Gabaccia Moreno – Narration:

We’re back.

Gabaccia Moreno:

In your opinion, how can women better show up in the water for each other versus sculpting that wide male dominant culture in fly fishing?

Demiesha Dennis:

Not adapting to it, not letting your presence or be determined by that culture. I mean, if we all go out to fish and all ascribe to the white male dominant representation of what fly fishing looks like, then guaranteed, that’s how we’re going to end up. And that’s how fly fishing for women is going to be viewed, invite a woman out with you when you go fishing. You know, the idea that we have to be taught fishing by men, or we have to be taught fishing by someone, male identifying who’s had like a lot of experiences on the water. I think it’s a part of what sold, you know, solved by fishing as this elite thing, like in things past. But I don’t think that’s necessarily what we should be aligning ourselves to now. It’s just, how, how can we get more women out there on the water? And it takes an invitation. If you’re going out, invite someone, if you, if you have extra equipment, Hey, I have this extra equipment. I’d love for you to come out with me and try fly fishing. If they say no, that’s on them, but at least you would have extended that invitation, right?

Gabaccia Moreno:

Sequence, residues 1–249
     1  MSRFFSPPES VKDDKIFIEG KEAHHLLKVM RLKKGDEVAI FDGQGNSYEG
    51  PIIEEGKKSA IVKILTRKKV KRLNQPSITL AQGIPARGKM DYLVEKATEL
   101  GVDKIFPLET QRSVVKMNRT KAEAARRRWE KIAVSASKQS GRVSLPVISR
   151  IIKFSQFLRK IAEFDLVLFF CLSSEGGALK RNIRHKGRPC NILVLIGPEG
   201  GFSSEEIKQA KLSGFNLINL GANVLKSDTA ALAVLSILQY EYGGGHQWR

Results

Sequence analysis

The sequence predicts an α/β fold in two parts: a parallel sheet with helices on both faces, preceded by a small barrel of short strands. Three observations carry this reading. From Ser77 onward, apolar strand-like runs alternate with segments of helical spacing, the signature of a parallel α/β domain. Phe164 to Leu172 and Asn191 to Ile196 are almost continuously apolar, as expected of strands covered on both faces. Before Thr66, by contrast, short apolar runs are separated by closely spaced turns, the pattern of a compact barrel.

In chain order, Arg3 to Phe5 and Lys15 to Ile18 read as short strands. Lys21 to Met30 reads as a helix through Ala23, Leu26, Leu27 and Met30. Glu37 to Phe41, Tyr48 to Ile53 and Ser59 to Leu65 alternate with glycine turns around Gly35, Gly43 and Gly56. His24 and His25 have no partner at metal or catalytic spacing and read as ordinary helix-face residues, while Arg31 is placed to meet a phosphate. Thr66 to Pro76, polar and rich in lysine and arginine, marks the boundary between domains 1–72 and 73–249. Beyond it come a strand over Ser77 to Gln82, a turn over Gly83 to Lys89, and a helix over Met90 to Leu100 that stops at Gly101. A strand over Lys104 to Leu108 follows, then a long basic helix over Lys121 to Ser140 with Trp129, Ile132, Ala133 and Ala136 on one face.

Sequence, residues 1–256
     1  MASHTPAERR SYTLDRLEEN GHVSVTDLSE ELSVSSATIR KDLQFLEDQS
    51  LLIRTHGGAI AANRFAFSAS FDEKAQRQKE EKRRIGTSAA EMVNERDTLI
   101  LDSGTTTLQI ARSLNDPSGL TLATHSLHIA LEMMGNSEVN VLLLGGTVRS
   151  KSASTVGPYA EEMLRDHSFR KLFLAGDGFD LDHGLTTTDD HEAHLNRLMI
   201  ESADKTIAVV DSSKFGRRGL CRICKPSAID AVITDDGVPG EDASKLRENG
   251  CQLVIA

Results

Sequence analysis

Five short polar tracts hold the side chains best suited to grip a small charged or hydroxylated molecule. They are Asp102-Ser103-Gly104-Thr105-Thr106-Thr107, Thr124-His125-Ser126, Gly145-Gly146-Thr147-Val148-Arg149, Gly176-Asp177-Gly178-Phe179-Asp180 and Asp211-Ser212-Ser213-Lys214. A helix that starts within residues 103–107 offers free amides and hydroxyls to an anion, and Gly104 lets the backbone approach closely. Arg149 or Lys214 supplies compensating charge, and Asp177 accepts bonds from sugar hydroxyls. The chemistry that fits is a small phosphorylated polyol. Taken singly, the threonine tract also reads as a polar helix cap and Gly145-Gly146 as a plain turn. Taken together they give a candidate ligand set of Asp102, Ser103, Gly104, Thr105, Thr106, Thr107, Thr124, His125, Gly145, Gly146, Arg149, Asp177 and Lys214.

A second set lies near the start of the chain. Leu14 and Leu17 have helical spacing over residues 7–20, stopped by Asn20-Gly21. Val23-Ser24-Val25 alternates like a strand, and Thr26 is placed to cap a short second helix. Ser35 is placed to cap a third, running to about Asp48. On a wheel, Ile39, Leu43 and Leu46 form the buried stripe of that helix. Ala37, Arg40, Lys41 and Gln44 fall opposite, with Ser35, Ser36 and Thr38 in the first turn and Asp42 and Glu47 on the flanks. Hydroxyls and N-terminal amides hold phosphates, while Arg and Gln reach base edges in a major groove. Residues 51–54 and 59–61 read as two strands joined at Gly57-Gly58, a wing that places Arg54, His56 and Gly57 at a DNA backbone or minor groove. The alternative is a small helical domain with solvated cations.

Yeah. A hundred percent. I think it’s almost the same as when we, when we talk about children too, like it, it really takes one invitation to get someone curious about it. Even if at that time they don’t think they wanted, at least you’ve planted something that maybe will make them curious. And then maybe, you know, in a year they’re like, remember when you said we should go fishing. I kind of want to go fishing now. And you never know how, you know, those relationships can start forming between people and all the different activities that we can do outside.

Demiesha Dennis:

100%. And I think that’s like, yeah, like you said, plant that seed. And I know a lot of people come at a lot of times, people are like, Oh my God, I would go anywhere with you, but I’m not going fishing. I’m a bait and trap person. Like, I’ll get you to come out and I’ll beat you into fishing and you can try fishing ones. You don’t have to sorta again. But when I go out again, I’m going to invite you to remember when we went fishing and this happened or whatever it is. And I’ll always try to pull like a grand memory from that moment to get them all excited again, about coming back out to fish with me. So I’m, I’m all about beating people into, coming to learn to fish with me.